Steppenwolf is in the Lincoln Park neighborhood. (Steppenwolf photo)
Steppenwolf is in the Lincoln Park neighborhood. (Steppenwolf photo)

A Red Orchid Theatre

The theatre, 1531 N. Wells St., starts the fall with “Small Mouth Sounds” Oct. 18 then goes into winter with “Fullfillment Cente Jan. 31 and into spring with “The Killing Game” May 2. For tickets and more information visit Red Orchid and call (312) 943-8722.

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Taking on a roommate can be life changing

RECOMMENDED

Sandra Marquez (Sharon) l, and Ora Jones (Robyn) in The Roommate st Steppenwolf (Photos by Michael Brosilow)
Sandra Marquez (Sharon) l, and Ora Jones (Robyn) in The Roommate st Steppenwolf (Photos by Michael Brosilow)

What can happen when a lonely, middle-aged woman takes in a roommate for companionship and to share expenses?

In playwright Jen Silverman’s “The Roommate,” now at Steppenwolf Theatre, the answers are surprising and problematic.

Adeptly directed by Phylicia Rashad to achieve the highest impact possible during the 90 minute show, “The Roommate” transforms Sharon, an uptight, judgmental, highly moral, 50-something, empty-nester into an amoral woman willing to try anything.

The setting, perfectly depicted by scenic designer John Lacovelli, is Sharon’s kitchen in her large, old Iowa City home.

The catalyst for change is Robyn, another 50-something empty-nester from the Bronx, who, in photography terms, turns out to be the negative of Sharon.

Read More

Nature is perfect in imperfection according to Tchaikovsky but show about him is perfect

HIGHLY RECOMMENDED

Hershey Felder in his one-man show 'Our Great Tchaikovsky' at the upstairs Steppenwolf Theatre through May 13, 2018. Photos by Hershey Felder Presents.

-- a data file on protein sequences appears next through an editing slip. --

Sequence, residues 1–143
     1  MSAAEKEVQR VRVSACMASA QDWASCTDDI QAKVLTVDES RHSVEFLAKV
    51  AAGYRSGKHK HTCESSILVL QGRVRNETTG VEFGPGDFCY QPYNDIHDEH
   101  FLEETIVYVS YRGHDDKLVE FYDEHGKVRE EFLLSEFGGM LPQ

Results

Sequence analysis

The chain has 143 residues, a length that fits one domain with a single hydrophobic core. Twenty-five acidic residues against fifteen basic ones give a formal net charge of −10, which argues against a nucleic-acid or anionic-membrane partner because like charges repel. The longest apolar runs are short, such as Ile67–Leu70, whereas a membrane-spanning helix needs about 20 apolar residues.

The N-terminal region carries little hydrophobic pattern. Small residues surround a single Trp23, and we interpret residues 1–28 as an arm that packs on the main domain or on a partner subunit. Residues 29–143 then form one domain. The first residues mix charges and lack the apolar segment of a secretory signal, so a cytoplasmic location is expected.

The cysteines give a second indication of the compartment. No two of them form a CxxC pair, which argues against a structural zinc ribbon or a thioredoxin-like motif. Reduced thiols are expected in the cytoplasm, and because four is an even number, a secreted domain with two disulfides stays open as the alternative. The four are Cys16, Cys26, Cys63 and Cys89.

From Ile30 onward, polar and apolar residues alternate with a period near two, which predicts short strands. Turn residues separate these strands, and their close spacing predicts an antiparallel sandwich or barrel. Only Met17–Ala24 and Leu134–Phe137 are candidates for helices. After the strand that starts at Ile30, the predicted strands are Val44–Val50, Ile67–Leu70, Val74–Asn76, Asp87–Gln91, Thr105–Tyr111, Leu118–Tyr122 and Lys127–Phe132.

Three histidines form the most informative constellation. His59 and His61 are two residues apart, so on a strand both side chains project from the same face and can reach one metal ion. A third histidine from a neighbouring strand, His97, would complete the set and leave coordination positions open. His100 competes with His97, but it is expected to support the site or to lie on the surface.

Hershey Felder in his one-man show ‘Our Great Tchaikovsky’ at the upstairs Steppenwolf Theatre through May 13, 2018. Photos by Hershey Felder Presents.

Can people display numerous professions, some of which merge into one outstanding career, producing the most wonderful theatrical productions?

Not many. But there is one person who is currently in Chicago, pianist, actor, playwright, composer, producer and director Hershey Felder. He  is performing his fabulous play,‘Our Great Tchaikovsky’ upstairs in the Steppenwolf Theatre.

After creating highly regarded stage productions about Gershwin, Chopin, Beethoven, Bernstein, Berlin and others, Felder is now garnering some of his best reviews for ‘Our Great Tchaikovsky.’

Beautifully directed by Trevor Hay, the play is a one-man performance in which Felder shares Tchaikovsky’s life through his own acting, writing, and musical talents.

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Global politics and power skewered in new farce

 

RECOMMENDED

Cast of Doppelganger at Steppenwolf. Photos by Michael Brosilow.
Cast of Doppelganger at Steppenwolf. Photos by Michael Brosilow.

You know when you see a stage set with multiple doors that the play will likely be a farce. Steppenwolf Theatre Company’s set of ‘Doppelgänger,’ a world premiere with the sub title of ‘an international farce,’ has all the elements needed to keep audiences  laughing, including 11 doors and another entrance.

Erlbach’s presentation of global political, economic and social issues of today works superbly well as a farce.

Clever lines come so quickly and author Matthew-Lee Erlbach’s obvious love of words so mesh in rhymes and tongue twisters that the first two hours speed by quickly.

No stereotype is spared from a hawkish general and a skinny, uptight  female British politician to an exiled African nation’s former brutal president, a bisexual Arab prince and a buxom, Brazilian money launderer.